NEW YORK— An estimated 10% of all prisoners in the U.S. have been wrongfully convicted. According to a recent report released by the Pew Center on the States, the U.S. correctional population -- those in jail, prison, on probation or on parole -- totaled 7.3 million, or 1 in every 31 adults. This means that up to 730,000 people in the correctional population may have been wrongfully convicted. In the last 3 decades 238 Americans have been exonerated with DNA evidence after spending an average of 12 years incarcerated. The severity of this problem has begun to be recognized in New York and other states. The New York Bar Association earlier this year released their Final Report of the New York State Bar Association’s Task Force on Wrongful Convictions. Also in April, Jonathan Lippman, the chief judge of New York’s Court of Appeals, said he is creating a permanent task force to examine wrongful convictions and recommend ways to minimize them. In order to raise public awareness of a national problem that has become a national shame, a National Freedom March for the Wrongfully Convicted is being held simultaneously in many states on June 27th. The New York march will be held in New York City on June 27th starting on the Steps of City Hall from 10:00 to 11:00, to follow with a march to Foley Square Park where there will be speakers and informational materials from 11:00 to 2:00. Speakers at the March will include Jeffrey Deskovic, Richard Aborn, Colleen Eren and representatives from the Campaign to End the Death Penalty and the ACLU.
Jeffrey Deskovic served 16 years in prison for a murder he did not commit and is now working to bring about reforms which will help reduce the number of wrongful convictions. Mr. Deskovic’s speech will provide insights into the devastation a wrongful conviction can cause to the innocent and their families as well as the need for systematic reform to help reduce these injustices. Another aspect will be the role that judges play in perpetuating wrongful convictions by putting procedure over innocence, rubber stamp denying appeals, and generally looking for any and every means possible to affirm convictions no matter what the facts are or the quality of the legal arguments which are based upon the fairness of trials.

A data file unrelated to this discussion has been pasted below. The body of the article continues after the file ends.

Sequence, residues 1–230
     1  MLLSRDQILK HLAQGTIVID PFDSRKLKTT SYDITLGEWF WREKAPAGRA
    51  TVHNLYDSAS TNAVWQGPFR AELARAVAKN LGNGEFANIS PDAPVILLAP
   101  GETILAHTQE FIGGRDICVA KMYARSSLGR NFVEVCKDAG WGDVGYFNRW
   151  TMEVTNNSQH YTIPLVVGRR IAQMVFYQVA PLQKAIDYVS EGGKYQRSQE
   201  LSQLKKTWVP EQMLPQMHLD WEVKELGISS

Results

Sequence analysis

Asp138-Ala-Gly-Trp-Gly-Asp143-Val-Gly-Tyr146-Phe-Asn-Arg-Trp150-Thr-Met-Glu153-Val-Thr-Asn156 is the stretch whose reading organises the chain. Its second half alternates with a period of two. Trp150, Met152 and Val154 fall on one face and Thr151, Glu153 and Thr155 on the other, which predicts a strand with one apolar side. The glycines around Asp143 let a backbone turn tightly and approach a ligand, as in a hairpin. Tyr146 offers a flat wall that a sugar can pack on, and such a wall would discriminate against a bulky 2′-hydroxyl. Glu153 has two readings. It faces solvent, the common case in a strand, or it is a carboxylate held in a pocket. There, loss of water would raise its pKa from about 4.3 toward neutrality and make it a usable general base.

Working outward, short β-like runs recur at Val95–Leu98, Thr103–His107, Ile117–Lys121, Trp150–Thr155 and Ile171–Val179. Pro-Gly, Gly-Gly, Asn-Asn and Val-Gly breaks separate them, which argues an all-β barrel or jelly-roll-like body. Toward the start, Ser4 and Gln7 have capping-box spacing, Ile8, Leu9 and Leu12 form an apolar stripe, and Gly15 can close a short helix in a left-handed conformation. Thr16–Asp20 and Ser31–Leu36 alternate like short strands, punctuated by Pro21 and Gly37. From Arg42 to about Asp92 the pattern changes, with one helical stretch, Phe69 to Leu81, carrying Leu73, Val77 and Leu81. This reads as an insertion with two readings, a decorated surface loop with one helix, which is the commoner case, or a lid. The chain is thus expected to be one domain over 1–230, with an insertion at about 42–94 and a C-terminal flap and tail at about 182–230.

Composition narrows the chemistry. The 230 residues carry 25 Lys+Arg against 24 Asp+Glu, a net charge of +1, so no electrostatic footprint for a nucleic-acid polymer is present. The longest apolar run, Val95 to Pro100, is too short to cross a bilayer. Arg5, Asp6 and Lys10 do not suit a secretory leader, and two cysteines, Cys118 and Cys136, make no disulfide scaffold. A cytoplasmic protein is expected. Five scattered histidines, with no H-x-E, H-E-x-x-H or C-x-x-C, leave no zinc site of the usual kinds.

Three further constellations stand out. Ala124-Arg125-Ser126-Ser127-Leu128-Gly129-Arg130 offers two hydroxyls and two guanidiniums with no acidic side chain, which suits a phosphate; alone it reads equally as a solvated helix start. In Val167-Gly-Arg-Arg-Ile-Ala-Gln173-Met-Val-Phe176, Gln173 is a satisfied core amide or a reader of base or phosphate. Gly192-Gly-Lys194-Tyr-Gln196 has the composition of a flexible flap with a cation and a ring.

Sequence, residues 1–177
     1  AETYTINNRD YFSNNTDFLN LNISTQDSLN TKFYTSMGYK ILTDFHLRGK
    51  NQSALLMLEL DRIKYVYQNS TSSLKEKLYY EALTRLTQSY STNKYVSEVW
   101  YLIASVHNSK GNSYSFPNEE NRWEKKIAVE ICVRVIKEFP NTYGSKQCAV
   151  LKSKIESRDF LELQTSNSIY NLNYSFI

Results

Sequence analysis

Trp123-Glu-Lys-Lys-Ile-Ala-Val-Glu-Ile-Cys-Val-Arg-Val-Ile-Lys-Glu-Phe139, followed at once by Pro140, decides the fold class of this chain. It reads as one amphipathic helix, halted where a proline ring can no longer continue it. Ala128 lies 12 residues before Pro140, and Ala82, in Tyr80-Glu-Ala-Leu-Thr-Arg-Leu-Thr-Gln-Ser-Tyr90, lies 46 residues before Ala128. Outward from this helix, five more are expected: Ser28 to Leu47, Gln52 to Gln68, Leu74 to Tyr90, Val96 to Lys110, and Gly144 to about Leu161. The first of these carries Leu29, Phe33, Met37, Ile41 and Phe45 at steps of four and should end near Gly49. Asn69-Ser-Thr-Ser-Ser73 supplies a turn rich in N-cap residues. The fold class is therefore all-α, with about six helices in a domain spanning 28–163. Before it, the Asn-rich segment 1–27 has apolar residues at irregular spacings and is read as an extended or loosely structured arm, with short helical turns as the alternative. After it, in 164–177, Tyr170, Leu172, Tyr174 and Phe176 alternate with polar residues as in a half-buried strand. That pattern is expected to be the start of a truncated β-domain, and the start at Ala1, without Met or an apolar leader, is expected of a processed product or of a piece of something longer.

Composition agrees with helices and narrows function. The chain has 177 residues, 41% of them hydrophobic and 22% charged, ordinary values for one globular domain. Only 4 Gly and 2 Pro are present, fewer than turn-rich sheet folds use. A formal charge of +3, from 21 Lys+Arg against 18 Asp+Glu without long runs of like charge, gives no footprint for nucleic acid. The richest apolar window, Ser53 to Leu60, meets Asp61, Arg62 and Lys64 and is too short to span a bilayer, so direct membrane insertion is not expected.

Richard Aborn is a candidate for Manhattan district attorney. He was a member of the NYS Bar Association Task Force on Wrongful Convictions and a leader in helping pass a new state law calling for expanded use of DNA to fight crime and quickly exonerate the innocent. He has also long pressed for overturning the draconian Rockefeller Drug Laws, and has been a firm and consistent opponent of the death penalty. Colleen Eren is Organizing Director with New Yorkers for Alternatives to the Death Penalty (NYADP) and a doctoral candidate in Sociology at the CUNY Graduate Center. She became involved in the abolitionist movement at the age of 16, after starting a chapter of Amnesty international in her high school. She has served on Amnesty's National Steering Committee for the Program to Abolish the Death Penalty, and has been with NYADP five years. She has taught undergraduate Sociology courses at Hofstra University, Queens College and Hunter College. Please join us at this worthwhile event. More information on the National Freedom March for the Wrongfully Convicted at www.freedommarchusa.org